The Maratha Empire soon allied with the British East India Company (based in the Bengal Presidency) against Mysore in the Anglo-Mysore Wars. After the British had suffered defeat against Mysore in the first two Anglo-Mysore War, the Maratha cavalry assisted the British in the last two Anglo-Mysore Wars from 1790 onwards, eventually helping the British conquer Mysore in the Fourth Anglo-Mysore War in 1799. After the British conquest, however, the Marathas launched frequent raids in Mysore to plunder the region, which they justified as compensation for past losses to Tipu Sultan.
In 1775, the British East India Company, from its base in Bombay, intervened in a succession struggle in Pune, on behalf of Raghunathrao (also called Raghobadada), who wanted to become Peshwa of the empire. Marathas forces under Tukojirao Holkar and Mahadaji Shinde defeated a British expeditionary force at the Battle of Wadgaon, but the heavy surrender terms, which included the return of annexed territory and a share of revenues, were disavowed by the British authorities at Bengal and fighting continued. What became known as the First Anglo-Maratha War ended in 1782 with a restoration of the pre-war status quo and the East India Company's abandonment of Raghunathrao's cause.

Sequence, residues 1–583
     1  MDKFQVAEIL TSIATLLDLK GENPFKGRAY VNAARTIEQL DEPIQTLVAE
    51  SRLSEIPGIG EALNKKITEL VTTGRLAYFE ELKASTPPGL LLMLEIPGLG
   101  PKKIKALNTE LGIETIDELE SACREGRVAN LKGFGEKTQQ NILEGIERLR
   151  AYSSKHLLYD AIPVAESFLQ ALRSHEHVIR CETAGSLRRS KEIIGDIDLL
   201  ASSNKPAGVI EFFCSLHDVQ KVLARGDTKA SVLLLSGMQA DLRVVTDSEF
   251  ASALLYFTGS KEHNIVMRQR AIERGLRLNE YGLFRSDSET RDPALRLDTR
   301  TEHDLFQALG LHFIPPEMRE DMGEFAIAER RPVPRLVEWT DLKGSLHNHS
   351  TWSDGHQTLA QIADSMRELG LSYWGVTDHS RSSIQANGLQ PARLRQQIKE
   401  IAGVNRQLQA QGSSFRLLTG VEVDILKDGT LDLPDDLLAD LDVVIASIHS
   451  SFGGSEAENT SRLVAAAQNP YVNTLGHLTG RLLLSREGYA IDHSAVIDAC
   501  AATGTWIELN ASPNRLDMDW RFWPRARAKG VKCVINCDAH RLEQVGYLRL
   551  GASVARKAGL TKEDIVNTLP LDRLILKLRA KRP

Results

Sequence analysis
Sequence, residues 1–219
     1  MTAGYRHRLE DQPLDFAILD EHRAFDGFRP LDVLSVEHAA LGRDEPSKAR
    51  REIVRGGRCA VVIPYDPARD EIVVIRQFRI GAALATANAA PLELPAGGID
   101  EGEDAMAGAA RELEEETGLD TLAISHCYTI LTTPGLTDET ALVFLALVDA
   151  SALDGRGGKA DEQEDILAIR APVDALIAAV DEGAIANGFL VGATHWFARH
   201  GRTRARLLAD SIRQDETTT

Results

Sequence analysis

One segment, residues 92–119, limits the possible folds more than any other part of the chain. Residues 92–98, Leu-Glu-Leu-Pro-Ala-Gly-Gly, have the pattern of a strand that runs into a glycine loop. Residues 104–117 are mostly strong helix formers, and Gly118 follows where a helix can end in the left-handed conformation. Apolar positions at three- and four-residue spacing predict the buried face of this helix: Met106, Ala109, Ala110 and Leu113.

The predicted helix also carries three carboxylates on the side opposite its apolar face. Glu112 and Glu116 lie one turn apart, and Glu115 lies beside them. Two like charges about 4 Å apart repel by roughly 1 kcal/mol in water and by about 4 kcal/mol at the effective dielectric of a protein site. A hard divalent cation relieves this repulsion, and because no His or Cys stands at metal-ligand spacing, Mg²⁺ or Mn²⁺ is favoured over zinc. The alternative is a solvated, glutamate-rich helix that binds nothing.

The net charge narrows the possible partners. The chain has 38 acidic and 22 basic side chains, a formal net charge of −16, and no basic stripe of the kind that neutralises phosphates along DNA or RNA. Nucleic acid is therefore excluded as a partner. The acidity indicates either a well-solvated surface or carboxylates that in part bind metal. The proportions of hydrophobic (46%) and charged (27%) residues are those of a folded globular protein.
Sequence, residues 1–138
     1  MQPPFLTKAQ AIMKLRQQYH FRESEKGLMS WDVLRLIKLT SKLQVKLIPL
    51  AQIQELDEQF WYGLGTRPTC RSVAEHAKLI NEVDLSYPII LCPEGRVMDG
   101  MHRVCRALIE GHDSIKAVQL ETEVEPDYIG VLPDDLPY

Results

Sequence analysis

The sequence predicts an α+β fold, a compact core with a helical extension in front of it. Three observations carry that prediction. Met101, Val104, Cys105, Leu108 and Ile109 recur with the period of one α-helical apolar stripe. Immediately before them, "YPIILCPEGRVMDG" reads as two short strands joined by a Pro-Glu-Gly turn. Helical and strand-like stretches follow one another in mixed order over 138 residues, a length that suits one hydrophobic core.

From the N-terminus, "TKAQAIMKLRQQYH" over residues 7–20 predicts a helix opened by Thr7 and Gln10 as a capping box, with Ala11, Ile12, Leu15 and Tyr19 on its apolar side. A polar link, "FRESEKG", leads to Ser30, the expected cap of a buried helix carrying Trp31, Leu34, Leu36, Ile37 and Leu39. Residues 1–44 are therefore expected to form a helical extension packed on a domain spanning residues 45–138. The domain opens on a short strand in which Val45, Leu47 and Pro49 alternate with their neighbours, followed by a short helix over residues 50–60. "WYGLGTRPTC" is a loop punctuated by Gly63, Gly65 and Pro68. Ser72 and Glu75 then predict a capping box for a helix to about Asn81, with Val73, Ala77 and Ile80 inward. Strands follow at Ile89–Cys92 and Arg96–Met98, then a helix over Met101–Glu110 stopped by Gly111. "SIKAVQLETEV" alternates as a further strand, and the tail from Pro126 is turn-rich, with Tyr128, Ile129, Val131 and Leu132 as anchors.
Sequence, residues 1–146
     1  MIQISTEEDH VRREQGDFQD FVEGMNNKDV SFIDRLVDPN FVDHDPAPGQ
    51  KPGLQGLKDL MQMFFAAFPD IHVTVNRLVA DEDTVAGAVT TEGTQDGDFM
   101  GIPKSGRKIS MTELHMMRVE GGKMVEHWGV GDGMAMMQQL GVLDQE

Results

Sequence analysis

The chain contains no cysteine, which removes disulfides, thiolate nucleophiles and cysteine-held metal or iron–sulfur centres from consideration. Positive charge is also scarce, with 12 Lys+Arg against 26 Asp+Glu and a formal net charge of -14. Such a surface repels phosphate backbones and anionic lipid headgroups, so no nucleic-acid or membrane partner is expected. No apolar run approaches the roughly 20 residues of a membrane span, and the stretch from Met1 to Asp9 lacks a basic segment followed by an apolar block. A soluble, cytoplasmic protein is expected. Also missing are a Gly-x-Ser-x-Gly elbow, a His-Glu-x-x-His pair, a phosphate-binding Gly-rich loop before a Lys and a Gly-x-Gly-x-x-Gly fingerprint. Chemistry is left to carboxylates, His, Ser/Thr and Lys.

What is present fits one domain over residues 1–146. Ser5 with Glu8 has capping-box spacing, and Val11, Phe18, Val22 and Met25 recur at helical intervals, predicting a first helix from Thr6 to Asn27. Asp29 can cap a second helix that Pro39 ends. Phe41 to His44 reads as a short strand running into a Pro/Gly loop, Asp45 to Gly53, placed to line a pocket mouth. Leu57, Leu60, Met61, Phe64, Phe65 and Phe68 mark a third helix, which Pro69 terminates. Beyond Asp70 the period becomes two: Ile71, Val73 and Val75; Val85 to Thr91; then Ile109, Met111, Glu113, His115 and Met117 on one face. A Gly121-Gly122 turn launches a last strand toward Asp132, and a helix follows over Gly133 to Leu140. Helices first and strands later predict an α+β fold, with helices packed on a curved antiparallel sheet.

In 1799, Yashwantrao Holkar was crowned King of the Holkars and he captured Ujjain. He started campaigning towards the north to expand his empire in that region. Yashwant Rao rebelled against the policies of Peshwa Baji Rao II. In May 1802, he marched towards Pune the seat of the Peshwa. This gave rise to the Battle of Poona in which the Peshwa was defeated. After the Battle of Poona, the flight of the Peshwa left the government of the Maratha state in the hands of Yashwantrao Holkar.(Kincaid & P?rasan?sa 1925, p. 194) He appointed Amrutrao as the Peshwa and went to Indore on 13 March 1803. All except Gaikwad, chief of Baroda, who had already accepted British protection by a separate treaty on 26 July 1802, supported the new regime. He made a treaty with the British. Also, Yashwant Rao successfully resolved the disputes with Scindia and the Peshwa. He tried to unite the Maratha Confederacy but to no avail. In 1802, the British intervened in Baroda to support the heir to the throne against rival claimants and they signed a treaty with the new Maharaja recognising his independence from the Maratha Empire in return for his acknowledgment of British paramountcy. Before the Second Anglo-Maratha War (1803-1805), the Peshwa Baji Rao II signed a similar treaty. The defeat in Battle of Delhi, 1803 during the Second Anglo-Maratha War resulted in the loss of the city of Delhi for the Marathas.